Breaking into the endurance game can be a great way to earn a living, but it takes time to earn a reputation as a good farrier for marathons.
Vacaville, Calif., farrier Kirk Adkins and Burnsville, N.C., farrier Jeff Pauley offer their best advice for an experienced shoer who wants to get into the game.
“Endurance ebbs and flows, with everyone looking for the next great thing,” Adkins says. “If you want to do well in the endurance world, you have to be a flexible farrier and be able to use unusual shoes and materials. You have to be willing to discuss why some new technique or shoe might not be the best choice for their horse. ‘In my experience, you won’t like this because …’ You have to be able to communicate and be able to articulate what your preferences might be and why for that particular horse. It’s a team effort.”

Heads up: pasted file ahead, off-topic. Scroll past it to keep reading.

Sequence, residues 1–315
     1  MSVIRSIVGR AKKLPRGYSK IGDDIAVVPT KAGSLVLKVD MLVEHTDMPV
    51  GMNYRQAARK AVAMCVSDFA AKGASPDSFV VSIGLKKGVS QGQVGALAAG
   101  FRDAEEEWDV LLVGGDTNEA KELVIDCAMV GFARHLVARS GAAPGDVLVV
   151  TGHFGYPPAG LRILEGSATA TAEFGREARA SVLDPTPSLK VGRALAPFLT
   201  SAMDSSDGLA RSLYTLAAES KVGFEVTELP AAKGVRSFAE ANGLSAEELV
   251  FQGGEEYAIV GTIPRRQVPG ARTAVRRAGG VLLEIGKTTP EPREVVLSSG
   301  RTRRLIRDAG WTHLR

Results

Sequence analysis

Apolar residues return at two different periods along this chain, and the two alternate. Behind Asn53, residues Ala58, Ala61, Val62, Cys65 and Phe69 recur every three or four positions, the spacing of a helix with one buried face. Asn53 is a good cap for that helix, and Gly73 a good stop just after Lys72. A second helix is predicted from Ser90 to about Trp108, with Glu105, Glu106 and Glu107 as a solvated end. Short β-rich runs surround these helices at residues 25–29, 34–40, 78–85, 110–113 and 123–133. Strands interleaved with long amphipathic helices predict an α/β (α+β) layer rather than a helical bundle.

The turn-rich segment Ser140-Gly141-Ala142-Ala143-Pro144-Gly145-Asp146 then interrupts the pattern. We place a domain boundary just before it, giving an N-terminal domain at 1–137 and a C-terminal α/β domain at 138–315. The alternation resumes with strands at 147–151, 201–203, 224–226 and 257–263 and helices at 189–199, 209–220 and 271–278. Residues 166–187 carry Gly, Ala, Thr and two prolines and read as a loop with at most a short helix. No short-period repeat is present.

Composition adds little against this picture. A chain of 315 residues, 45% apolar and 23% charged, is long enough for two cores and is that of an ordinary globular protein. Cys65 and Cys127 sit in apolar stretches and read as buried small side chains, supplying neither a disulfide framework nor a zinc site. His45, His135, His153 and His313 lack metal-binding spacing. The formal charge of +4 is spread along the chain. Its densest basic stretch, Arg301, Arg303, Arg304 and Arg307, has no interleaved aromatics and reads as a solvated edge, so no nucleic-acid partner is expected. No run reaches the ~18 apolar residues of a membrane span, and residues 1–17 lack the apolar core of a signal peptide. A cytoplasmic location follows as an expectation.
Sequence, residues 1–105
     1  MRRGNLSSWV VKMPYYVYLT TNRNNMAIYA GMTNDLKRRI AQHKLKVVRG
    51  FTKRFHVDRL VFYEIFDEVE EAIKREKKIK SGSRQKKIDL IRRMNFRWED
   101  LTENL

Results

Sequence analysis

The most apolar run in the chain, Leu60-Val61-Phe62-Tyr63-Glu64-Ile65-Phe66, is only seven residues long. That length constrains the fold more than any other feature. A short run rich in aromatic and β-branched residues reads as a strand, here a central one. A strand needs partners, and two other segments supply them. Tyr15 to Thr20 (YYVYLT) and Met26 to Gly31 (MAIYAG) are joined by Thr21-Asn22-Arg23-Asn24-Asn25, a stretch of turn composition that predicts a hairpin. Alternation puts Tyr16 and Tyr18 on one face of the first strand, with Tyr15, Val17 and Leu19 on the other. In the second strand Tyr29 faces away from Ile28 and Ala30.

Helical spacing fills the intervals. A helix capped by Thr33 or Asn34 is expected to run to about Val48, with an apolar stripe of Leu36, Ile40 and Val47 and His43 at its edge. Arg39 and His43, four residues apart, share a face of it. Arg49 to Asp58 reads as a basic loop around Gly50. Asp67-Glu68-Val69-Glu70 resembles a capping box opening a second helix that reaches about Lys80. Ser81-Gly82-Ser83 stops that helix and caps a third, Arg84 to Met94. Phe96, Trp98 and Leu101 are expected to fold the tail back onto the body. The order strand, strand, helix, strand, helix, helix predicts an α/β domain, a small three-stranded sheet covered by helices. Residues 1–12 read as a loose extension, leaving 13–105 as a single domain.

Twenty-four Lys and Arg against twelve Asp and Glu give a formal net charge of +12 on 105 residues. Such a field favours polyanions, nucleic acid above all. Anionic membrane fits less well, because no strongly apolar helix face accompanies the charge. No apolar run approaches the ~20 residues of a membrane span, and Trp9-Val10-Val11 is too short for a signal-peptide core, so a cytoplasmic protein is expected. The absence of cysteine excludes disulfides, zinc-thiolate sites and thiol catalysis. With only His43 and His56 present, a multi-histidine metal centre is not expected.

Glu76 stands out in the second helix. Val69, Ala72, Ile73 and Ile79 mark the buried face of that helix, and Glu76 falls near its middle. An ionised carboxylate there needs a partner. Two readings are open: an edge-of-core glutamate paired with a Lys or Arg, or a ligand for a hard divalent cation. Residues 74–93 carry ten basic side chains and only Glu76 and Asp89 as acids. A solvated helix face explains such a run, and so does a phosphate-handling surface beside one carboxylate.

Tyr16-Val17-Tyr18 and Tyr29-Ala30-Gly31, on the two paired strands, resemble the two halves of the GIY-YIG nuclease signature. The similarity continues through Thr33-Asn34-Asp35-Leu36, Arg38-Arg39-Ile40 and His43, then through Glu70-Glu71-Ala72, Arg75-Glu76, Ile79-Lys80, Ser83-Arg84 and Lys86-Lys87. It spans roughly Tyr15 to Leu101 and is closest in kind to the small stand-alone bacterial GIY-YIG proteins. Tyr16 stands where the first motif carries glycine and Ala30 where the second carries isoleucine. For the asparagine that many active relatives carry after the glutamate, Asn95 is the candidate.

“I believe that an endurance ride is beneficial to farriers who are interested in gait evaluation,” Pauley says. “Volunteer as a scribe for a vet. You’ll be exposed to hundreds of trot outs and have an opportunity to discuss with the vet what you see.”